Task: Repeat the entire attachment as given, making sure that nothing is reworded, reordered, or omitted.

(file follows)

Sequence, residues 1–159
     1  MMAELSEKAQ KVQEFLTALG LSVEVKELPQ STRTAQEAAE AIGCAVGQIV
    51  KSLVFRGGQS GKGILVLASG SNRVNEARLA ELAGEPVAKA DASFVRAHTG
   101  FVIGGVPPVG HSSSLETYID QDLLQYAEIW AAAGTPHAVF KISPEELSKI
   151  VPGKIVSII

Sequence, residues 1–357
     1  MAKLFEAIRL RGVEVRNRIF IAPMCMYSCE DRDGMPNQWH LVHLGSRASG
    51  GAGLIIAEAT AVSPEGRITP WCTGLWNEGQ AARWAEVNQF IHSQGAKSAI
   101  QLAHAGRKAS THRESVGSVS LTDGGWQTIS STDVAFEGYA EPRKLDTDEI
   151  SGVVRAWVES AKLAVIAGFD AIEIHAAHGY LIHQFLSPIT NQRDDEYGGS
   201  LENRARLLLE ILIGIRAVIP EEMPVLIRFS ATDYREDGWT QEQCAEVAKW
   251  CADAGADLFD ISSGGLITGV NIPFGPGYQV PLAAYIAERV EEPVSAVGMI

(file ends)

Sequence, residues 1–159
     1  MMAELSEKAQ KVQEFLTALG LSVEVKELPQ STRTAQEAAE AIGCAVGQIV
    51  KSLVFRGGQS GKGILVLASG SNRVNEARLA ELAGEPVAKA DASFVRAHTG
   101  FVIGGVPPVG HSSSLETYID QDLLQYAEIW AAAGTPHAVF KISPEELSKI
   151  VPGKIVSII

Sequence, residues 1–357
     1  MAKLFEAIRL RGVEVRNRIF IAPMCMYSCE DRDGMPNQWH LVHLGSRASG
    51  GAGLIIAEAT AVSPEGRITP WCTGLWNEGQ AARWAEVNQF IHSQGAKSAI
   101  QLAHAGRKAS THRESVGSVS LTDGGWQTIS STDVAFEGYA EPRKLDTDEI
   151  SGVVRAWVES AKLAVIAGFD AIEIHAAHGY LIHQFLSPIT NQRDDEYGGS
   201  LENRARLLLE ILIGIRAVIP EEMPVLIRFS ATDYREDGWT QEQCAEVAKW
   251  CADAGADLFD ISSGGLITGV NIPFGPGYQV PLAAYIAERV EEPVSAVGMI